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Green Card Test

What is the Green Card Test

  • As per tax laws, you would be considered a resident for tax purposes if you are a lawful permanent resident of the United States at any time during calendar year. This is
    known as the “green card” test.
  • U.S. Citizenship and Immigration Services (USCIS) gives you the privilege, in accordance with US immigration laws, to reside permanently as an immigrant, also known as Lawful Permanent Residence. This is the first step for an immigrant towards a path of becoming the US Citizen. The card issued to you for Lawful Permanent Residence is known as a “Green Card”.
  • You continue to have resident status under this test unless the status is taken away from you or is administratively or judicially determined to have been abandoned.

Can your Resident tax status be taken away, even if you are on a Green Card?

  • US Immigration law is a complicated law in itself, and has various dimensions to it. As a lawful permanent resident, immigrants can be under removal or deportation proceedings, if they are involved in certain crimes, or are considered a danger to this country.
  • Resident status is considered to have been taken away from you if the U.S. government issues you a final administrative or judicial order of exclusion or deportation. A final judicial order is an order that you may no longer appeal to a higher court of competent jurisdiction.

When is your Resident status considered abandoned?

An administrative or judicial determination of abandonment of resident status may be initiated by you, the USCIS, or a U.S. consular officer.

However, there could be times when you yourself initiate the determination, by filing any of the following with USCIS or a U.S. consular officer:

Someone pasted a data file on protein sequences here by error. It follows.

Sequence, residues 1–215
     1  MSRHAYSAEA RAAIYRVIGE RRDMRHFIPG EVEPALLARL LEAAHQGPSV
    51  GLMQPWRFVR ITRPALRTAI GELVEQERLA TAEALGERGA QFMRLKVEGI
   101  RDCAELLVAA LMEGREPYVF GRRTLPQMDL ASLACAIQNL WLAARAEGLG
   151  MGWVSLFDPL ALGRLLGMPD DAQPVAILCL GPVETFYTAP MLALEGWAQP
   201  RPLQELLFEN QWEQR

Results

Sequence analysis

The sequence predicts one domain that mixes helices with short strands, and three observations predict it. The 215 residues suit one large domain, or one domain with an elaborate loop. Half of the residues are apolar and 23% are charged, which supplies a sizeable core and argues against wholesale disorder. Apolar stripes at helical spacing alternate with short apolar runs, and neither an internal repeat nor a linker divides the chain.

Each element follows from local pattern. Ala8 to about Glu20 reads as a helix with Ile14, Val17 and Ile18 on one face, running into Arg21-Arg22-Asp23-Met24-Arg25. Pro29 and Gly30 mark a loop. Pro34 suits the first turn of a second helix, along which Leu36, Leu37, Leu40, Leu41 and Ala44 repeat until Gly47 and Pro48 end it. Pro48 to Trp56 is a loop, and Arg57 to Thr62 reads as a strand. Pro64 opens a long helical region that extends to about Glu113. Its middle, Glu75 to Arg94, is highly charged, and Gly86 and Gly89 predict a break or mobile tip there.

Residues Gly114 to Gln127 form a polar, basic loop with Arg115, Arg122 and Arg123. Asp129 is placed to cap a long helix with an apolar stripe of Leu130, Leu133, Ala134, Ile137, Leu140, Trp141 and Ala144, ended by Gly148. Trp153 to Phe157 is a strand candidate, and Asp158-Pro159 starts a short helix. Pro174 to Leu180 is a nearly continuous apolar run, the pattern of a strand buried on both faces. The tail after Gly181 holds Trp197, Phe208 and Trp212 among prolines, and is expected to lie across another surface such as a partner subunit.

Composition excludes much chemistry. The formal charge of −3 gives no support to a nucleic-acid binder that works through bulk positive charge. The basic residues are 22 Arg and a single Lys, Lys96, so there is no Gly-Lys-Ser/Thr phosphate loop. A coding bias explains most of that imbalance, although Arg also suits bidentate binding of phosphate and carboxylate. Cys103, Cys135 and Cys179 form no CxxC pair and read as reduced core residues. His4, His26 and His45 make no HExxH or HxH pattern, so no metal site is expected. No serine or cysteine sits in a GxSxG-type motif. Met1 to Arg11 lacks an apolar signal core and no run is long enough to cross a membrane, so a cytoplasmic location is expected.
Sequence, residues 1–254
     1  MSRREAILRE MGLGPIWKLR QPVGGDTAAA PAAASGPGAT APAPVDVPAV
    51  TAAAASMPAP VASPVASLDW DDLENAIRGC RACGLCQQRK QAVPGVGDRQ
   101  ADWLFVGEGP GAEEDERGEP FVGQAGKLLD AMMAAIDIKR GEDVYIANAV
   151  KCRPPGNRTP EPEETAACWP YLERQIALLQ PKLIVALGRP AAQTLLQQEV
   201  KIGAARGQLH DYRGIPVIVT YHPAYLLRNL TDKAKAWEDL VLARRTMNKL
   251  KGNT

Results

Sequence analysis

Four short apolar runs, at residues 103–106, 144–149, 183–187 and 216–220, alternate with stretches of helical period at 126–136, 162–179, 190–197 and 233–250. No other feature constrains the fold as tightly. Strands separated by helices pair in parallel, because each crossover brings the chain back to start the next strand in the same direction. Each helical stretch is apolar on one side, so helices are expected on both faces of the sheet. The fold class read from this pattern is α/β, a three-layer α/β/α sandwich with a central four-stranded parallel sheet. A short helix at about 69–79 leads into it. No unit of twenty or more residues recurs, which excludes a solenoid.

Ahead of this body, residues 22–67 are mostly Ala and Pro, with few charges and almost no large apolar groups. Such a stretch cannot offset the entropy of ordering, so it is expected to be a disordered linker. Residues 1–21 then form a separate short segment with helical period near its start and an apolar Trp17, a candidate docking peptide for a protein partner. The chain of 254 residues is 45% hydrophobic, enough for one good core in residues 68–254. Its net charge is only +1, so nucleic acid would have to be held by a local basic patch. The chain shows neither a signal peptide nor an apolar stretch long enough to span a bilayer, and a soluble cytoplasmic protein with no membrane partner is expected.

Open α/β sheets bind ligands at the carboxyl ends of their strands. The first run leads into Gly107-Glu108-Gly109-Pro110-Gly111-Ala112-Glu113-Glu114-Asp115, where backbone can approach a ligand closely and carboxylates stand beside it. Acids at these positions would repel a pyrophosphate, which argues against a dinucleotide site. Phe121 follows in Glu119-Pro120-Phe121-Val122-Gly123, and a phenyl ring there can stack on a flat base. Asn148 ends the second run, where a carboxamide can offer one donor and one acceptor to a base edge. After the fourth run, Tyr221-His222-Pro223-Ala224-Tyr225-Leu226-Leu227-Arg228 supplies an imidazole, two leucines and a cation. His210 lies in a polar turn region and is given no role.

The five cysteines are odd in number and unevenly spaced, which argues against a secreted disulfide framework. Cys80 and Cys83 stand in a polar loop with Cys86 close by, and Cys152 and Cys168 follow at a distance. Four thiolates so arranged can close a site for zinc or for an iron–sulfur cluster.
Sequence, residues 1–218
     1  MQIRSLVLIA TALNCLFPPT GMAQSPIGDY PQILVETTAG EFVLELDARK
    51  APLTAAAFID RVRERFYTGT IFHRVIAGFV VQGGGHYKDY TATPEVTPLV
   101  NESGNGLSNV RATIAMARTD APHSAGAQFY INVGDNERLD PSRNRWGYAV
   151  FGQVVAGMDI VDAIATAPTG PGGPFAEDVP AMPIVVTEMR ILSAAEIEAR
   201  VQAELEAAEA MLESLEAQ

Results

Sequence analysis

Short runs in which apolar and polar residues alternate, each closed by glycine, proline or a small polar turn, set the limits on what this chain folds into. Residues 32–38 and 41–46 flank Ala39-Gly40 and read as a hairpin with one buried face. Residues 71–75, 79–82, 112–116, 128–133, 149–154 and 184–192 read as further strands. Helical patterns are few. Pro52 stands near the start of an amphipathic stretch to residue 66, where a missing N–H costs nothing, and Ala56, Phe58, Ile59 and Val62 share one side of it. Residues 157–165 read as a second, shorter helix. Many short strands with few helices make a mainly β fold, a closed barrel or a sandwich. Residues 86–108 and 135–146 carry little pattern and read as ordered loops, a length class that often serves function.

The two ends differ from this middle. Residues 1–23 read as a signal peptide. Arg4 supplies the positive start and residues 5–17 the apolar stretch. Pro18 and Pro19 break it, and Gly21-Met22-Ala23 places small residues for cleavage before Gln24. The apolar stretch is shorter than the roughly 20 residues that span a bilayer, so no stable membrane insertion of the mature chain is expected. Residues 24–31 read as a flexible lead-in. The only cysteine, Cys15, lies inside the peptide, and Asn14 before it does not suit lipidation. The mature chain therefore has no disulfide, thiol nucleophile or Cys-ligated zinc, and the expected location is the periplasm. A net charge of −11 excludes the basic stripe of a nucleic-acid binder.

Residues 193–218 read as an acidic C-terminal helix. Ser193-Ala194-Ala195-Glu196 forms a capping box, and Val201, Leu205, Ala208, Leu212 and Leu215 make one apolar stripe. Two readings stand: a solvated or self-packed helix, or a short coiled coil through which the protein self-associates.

• Your application for abandoning your lawful permanent residency
  • Your Alien Registration Receipt Card attached to a letter stating your intent to abandon your resident status

The letter must have been sent via certified mail, return receipt requested, and you must maintain a copy of the same for your records.

If the USCIS or U.S. consular officer initiates this determination, your resident status will be considered to be abandoned when the final administrative order of abandonment is issued. If
you are granted an appeal to a federal court of competent jurisdiction, a final judicial order is required.

You can loose your Lawful Permanent Residence, if you fail to file your taxes as a Resident under tax law

This can come as quite a shock to lot of immigrants who hold lawful permanent residence or “Green Card”, and have only stayed say a couple of days in the US during a course of the year. It would be logical to think that if you don’t pass the substantial presence test, you would not be required to file as a Resident, and hence only pay taxes as a Non-Resident, Right? Wrong. You would be required to file as a Resident and as a Non-Resident even if you stayed for a couple of days only in the United States.

Also, under the immigration laws, a lawful permanent resident who is required to file a tax return as a Resident and fails to do so may be regarded as having abandoned status and may lose permanent resident status.

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